Sunday, September 28, 2008


"Litost is an untranslatable Czech word. Its first syllable, which is long and stressed, sounds like the wail of an abandoned dog. As for the meaning of this word, I have looked in vain in other languages for an equivalent, though I find it difficult to imagine how anyone can understand the human soul without it."
—Milan Kundera, The Book Of Laughter And Forgetting

Kundera gives an example of a boy who cannot swim very well, while his girlfriend is a strong swimmer. The boy struggles to keep up with her as she swims off beyond him, and when she returns, the outraged boy slaps her face. By slapping her, he projects his incompetency as though it is her fault.
"She was madly in love with him and tactfully swam as slowly as he did. But when their swim was coming to an end, she wanted to give her athletic instincts a few moments' free rein and headed for the opposite bank at a rapid crawl. The student [the boy] made an effort to swim faster too and swallowed water. Feeling humbled, his physical inferiority laid bare, he felt litost. He recalled his sickly childhood, lacking in physical exercise and friends and spent under the constant gaze of his mother's overfond eye, and fell into despair about himself and his life. They walked back to the city together in silence on a country land. Wounded and humiliated, he felt an irresistible desire to hit her.…and then he slapped her face."

Litost is, essentially, a guilt trip through actions; by aggravating someone via verbal actions, physical actions, and sometimes silence. There are layers to Litost. The ultimate form of Litost, Kundera explains is, "circuitous revenge…the indirect blow." Kundera writes, "Litost is a state of torment created by the sudden sight of one's own misery."

Kundera writes that love is a remedy for misery, and that all faults are redeemed by love's gaze. "Love's absolute," Kundera says,
"is actually a desire for absolute identity: the woman we love ought to swim as slowly as we do, she ought to have no past of her own to look back on happily. But when the illusion of absolute identity vanishes (the girl loks back happily on her past or swims faster), love becomes a permanent source of the great torment we call litost."

I think this ties in nicely to the (positive) idea of most monotheistic religions, in which no matter your state of being, God is said to be along side you, loving you eternally; God will not try and out-swim you either. However, this also creates a subconscious (or conscious) inferiority, which is apparent that though God is swimming along with the individual, the individual must at one point stop swimming at the risk of drowning from fatigue. This is the flaw, though God will be alongside the individual, the individual knows God, being perfect, can outperform the individual in every aspect of life. Thus, a feeling of litost is brought upon the individual again.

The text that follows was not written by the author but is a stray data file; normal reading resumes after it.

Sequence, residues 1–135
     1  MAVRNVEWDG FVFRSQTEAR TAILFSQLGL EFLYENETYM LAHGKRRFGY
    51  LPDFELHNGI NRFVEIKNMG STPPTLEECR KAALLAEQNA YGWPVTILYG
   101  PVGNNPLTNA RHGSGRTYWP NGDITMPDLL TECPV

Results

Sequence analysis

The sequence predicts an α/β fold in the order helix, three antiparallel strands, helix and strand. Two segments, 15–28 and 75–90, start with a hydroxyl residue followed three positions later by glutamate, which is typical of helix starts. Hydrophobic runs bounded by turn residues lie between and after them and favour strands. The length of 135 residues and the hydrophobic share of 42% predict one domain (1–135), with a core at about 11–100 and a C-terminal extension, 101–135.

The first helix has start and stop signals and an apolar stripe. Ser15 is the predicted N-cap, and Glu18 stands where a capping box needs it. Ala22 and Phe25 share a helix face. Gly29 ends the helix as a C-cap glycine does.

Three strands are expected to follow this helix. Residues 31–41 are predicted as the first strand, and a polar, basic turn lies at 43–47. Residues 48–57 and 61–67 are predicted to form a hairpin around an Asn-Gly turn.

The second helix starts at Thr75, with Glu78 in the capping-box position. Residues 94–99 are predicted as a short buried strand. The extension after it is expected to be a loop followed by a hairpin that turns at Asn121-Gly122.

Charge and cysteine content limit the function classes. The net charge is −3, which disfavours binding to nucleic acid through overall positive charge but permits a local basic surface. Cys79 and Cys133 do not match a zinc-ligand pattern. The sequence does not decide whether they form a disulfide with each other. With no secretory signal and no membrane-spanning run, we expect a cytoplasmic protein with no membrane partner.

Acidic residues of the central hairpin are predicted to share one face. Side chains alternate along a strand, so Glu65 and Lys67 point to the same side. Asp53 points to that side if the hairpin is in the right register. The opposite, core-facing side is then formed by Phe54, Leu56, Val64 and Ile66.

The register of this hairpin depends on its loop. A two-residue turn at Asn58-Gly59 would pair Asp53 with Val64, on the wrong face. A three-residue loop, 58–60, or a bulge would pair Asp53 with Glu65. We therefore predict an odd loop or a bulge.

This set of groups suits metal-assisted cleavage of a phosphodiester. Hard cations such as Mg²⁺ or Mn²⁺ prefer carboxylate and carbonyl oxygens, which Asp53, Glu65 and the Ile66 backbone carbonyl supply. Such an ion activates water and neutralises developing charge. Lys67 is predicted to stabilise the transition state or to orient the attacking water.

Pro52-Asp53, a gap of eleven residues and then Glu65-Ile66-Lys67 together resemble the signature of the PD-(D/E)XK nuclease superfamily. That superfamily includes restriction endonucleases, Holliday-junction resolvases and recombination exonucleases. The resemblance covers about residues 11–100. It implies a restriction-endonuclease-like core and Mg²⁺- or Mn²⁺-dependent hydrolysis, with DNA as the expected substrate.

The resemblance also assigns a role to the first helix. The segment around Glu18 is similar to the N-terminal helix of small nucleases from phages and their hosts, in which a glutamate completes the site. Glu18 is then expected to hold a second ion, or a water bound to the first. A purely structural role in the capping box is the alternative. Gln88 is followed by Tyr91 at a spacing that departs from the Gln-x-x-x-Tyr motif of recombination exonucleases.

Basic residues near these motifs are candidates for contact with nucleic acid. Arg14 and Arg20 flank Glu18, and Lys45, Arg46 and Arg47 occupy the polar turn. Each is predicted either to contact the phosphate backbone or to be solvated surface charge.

MostlyHCZ said...

As a Czech native speaker, I think that my personal feeling of the word "lítost" is quite different than Kundera's.
"Lítost" is a moment when you find that should not happen, unchangibly happened.
It does not have anything to do with humiliation of speaker - I can feel lítost about things that have absolutely nothing to do with me, like Holocaust. Tragedy of this word is much deeper than just damage of somebody's ego. It is a feeling we have about an immense, negative and unchangable breach of the order we expect the world to have.

However, verb "litovat" means "regret, repent" and usually refers to one's own misdeed.
Interesting is adjective "lítý", it is poetic word for "angry".

Michael Taylor said...

Very interesting! Kundera does take liberties with his love of defining words in his novels. I feel like he creates his own world for these words to take on different or nuanced meanings. In his book The Art of the Novel there is an appendix full of his definition for words that show this.

So the real meaning still has some sense of overlap in my mind though the way you describe it. Something that should never happen that unchangibly happens. I got from his describing it a sense that it is something irrevocably horrible, and that it digs itself deeper into you. And through recognizing this, you continue to further this misery as though you cannot change it and it will not leave you.

Thanks for sharing this broader idea on such an intriguing word.